Active citizen • An obligated, governing member who contributes to the common good.Civic infrastructure • The interrelated economic, physical, political, and social structures, processes, and practices that support and drive a democracy.Civic capacity • The ability to contribute to the good of the whole within the tensions between democratic ideals and the real social, economic, and environmental situation. Civic capacity is developed through practice in everyday institutions using the skills of public deliberation, public problem solving, and public policymaking.Civic leader • A leader with an intentional agenda to increase the civic capacity of self, the institution, and the whole with attention to the economic, ethical, and civic consequences of hisor her actions.Civic organizing • The political work of developing public relationships among individuals and across institutions in order to establish a base of citizen leaders with the power to create thecommon good and justice.Common good • Found in the tension between what is good for the parts and what is good for the whole. Understood by engaging people with diverse interests and negotiating to find agreement based on shared civic values, that is mutually acceptable.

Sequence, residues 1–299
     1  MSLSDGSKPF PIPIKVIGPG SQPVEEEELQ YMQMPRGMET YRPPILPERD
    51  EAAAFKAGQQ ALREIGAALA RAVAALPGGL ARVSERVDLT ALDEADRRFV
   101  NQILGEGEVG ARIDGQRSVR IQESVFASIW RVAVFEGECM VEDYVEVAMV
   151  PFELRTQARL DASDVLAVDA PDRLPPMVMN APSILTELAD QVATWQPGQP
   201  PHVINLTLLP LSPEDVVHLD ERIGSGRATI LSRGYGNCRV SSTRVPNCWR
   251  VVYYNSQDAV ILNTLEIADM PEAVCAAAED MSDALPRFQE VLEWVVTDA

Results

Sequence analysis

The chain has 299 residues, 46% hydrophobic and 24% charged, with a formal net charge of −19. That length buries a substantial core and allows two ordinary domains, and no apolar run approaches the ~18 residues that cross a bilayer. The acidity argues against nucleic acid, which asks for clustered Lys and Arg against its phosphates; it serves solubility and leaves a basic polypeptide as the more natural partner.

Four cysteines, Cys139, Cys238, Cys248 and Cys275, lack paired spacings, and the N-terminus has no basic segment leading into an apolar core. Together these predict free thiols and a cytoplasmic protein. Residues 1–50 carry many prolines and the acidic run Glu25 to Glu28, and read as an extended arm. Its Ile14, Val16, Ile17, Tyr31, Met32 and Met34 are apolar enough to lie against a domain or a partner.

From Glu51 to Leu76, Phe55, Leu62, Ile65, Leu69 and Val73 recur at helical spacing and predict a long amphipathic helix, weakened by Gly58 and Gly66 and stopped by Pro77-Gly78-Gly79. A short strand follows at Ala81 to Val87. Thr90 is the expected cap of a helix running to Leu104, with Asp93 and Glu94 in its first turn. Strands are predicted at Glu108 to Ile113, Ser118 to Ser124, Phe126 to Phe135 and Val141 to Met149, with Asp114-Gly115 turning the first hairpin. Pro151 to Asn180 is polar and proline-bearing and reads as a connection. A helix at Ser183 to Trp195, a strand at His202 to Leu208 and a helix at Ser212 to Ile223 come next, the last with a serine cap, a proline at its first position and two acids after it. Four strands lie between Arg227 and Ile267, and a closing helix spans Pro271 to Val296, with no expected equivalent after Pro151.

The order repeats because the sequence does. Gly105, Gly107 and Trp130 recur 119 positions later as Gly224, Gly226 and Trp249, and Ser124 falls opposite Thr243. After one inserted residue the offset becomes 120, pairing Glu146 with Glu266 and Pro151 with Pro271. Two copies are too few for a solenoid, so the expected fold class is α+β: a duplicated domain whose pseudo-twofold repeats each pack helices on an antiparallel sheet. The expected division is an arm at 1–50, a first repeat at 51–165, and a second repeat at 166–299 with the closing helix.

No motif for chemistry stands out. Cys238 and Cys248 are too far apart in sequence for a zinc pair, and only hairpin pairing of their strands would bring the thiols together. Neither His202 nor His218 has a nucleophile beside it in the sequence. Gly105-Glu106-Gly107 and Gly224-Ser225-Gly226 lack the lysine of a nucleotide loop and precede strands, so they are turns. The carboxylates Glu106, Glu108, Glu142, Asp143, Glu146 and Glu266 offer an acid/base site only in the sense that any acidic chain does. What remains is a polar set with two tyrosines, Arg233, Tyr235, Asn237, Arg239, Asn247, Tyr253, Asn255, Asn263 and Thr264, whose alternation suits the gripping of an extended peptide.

Thursday, December 30, 2010
The Glossary, courtesy of the Minnesota Active Citizenship Initiative
I often use terminology in discussing civic engagement and public work that I worry can be considered jargon. To attempt to remedy this issue and support my future blog posts, I'm sharing a brief, but useful guide from the September/October 2009 Minnesota Journal published by the Citizens League. Find out more about the Minnesota Active Citizenship Initiative, to which the League belongs, and their work behind these words.
Posted by Diane Tran at 9:37 AM